The store, which has local roots stretching back decades, reopened April 1, with fashions "selected personally in Manhattan by Julian and sales manager Ace Whiteheart," the release says. Tonight's festivities, it notes, "will include food from Ilios Noche, adult beverages and enticing prices on attractive clothes." Details:

Thursday, April 8, 2010

New-look Walmarts on the way

Walmart's expansion in the Charlotte area marches on - as passers-by have seen firsthand on U.S. 521 in Indian Land, S.C., just over the state line, south of Ballantyne. The new supercenter going up there is slated for an August grand opening, the company says, for inquiring minds who might wish to know. 

But the world's largest retailer isn't standing pat on its existing locations, either, some of which have begun to look more dated on the inside compared with newer layouts. At least two local supercenters are now undergoing major overhauls, and others are likely to follow, as part of a nationwide renovation effort slated to hit 70 percent of the company's U.S. stores by the end of 2012. The effort is intended to boost returns at existing stores by introducing the latest store designs, which are based on customer feedback.

Work is now in progress at the Mountain Island Walmart, at N.C. 16 and Mount Holly-Huntersville Road in Charlotte, and the West Gastonia location on N. Myrtle School Road. At Mountain Island, the work is expected to wrap up in June, while the Gastonia store is aiming for a May finish. The stores are remaining open during construction, the bulk of which will be done in overnight hours. Improvements include a new layout, wider aisles, low-profile shelving, bright interior paint schemes, enhanced lighting and easy-to-read signage - the very things you'll also see in the newest Walmarts locally, such as the store on Thunder Road near Concord Mills.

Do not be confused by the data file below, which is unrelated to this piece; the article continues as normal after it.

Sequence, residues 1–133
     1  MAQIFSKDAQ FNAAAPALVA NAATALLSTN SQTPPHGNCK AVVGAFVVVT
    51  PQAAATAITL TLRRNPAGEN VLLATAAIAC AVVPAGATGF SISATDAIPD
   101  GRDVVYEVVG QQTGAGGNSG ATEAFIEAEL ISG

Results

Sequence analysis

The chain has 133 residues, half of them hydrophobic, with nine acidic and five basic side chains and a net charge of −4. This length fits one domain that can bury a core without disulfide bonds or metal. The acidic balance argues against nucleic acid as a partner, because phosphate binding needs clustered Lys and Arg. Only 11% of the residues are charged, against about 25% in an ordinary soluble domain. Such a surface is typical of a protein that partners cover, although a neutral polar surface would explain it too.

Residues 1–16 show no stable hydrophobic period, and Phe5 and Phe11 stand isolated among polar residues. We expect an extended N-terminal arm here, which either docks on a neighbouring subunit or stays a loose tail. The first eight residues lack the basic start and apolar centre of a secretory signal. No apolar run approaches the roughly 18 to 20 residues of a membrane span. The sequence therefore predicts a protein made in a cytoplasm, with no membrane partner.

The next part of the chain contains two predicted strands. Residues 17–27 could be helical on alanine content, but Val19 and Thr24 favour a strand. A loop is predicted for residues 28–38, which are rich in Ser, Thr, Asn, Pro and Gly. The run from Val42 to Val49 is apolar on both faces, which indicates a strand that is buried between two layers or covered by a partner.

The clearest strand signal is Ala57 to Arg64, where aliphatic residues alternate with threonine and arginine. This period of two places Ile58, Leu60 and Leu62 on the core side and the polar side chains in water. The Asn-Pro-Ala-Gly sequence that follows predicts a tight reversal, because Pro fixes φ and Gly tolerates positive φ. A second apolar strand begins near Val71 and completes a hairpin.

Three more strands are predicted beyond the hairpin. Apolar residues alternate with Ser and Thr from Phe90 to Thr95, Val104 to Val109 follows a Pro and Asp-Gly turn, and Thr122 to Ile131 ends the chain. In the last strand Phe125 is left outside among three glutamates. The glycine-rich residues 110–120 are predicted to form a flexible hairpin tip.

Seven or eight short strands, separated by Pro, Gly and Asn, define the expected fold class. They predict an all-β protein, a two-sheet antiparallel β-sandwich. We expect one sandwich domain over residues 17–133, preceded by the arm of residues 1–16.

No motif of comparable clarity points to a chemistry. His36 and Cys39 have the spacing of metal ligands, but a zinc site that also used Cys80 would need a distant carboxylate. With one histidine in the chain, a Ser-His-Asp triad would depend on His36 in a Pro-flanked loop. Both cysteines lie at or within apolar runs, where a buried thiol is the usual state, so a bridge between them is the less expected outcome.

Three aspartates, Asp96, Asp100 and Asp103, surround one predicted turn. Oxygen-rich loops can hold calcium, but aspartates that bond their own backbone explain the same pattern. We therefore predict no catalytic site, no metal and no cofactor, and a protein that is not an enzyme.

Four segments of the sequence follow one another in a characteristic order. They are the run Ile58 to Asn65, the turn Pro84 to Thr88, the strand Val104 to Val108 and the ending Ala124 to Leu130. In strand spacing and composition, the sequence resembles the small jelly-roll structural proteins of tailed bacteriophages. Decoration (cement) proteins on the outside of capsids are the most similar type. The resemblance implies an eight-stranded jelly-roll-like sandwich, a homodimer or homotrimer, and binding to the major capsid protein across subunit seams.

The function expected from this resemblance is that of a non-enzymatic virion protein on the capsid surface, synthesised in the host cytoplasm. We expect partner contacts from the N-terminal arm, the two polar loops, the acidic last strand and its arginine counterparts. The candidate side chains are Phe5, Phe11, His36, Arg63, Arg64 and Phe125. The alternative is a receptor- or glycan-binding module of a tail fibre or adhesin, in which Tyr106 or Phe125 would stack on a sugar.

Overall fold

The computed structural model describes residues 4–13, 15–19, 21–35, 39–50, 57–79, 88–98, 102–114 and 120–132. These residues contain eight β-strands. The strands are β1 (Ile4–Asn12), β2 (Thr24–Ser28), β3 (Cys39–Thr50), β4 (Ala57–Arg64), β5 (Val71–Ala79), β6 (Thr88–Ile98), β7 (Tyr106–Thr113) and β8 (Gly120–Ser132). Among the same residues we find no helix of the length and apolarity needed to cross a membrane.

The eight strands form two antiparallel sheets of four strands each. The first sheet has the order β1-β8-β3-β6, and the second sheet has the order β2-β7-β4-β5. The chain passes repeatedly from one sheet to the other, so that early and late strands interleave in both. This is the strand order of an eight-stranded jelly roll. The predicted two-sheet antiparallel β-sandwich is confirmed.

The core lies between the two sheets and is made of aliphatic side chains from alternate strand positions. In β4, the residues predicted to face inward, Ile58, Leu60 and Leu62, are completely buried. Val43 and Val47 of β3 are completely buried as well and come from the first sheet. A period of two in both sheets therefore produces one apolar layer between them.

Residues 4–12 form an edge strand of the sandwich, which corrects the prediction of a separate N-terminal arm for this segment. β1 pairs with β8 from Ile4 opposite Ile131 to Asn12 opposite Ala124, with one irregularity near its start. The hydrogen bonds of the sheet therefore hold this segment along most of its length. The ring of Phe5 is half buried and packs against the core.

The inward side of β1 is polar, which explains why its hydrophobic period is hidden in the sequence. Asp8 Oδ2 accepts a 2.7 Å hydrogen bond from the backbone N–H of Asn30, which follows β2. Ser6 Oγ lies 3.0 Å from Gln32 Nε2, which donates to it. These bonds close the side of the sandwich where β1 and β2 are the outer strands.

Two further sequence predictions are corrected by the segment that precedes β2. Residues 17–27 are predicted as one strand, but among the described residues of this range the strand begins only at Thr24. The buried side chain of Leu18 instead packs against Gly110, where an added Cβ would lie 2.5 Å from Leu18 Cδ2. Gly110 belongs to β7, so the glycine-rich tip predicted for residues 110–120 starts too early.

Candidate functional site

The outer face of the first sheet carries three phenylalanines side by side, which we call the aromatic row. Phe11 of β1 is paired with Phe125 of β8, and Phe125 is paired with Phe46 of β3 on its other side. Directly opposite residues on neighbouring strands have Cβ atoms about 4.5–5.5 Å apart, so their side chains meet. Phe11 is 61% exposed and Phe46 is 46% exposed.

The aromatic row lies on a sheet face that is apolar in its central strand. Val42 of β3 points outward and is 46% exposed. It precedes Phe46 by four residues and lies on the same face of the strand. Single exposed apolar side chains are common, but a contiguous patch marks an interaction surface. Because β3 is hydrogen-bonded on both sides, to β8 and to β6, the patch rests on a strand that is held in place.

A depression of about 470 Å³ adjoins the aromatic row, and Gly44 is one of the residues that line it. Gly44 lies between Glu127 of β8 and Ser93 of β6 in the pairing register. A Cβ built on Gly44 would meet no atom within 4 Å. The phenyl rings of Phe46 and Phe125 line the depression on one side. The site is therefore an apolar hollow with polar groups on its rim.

Wednesday, April 7, 2010

Concord Mills adds two stores

Two retailers are planning to open their first N.C. stores at Concord Mills this summer, according to the mall: VF Outlet and Zumiez. 

VF, in the 23,000-square-foot former A.C. Moore space, will anchor Neighborhood Five, selling jeans, intimate apparel, sportswear, swimwear, outdoor goods and children’s clothing from names such as Nautica, Lee, Wrangler and Vanity Fair. 

Zumiez, a teen-oriented skate and surf store along the lines of Pacific Sunwear, will occupy a 4,000-square-foot space in Neighborhood Two.

Tuesday, April 6, 2010

Rug and furniture store opening in old Kannapolis Target

Asheville-based Rug & Home is fond of interstate highways. How fond? If you've driven along I-85 or I-4o in recent memory, you've surely seen the retailer's billboards, touting its stores and, naturally, the highway exits - in Asheville and Gaffney, S.C. - at which you can find them. Now, Charlotte residents can expect to see even more roadside ads popping up, because Rug & Home this month is opening its third store, in a former Target in Kannapolis. It's at 3333 Cloverleaf Parkway - in other words, and as signs will surely blare, I-85 exit 58.